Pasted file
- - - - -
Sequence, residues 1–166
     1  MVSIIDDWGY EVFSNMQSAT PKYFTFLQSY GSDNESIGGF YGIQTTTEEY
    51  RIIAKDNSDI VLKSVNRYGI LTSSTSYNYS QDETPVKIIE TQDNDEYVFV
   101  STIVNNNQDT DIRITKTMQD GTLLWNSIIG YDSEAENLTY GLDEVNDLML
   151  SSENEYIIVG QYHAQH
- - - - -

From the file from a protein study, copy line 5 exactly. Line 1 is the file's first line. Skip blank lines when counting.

   151  SSENEYIIVG QYHAQH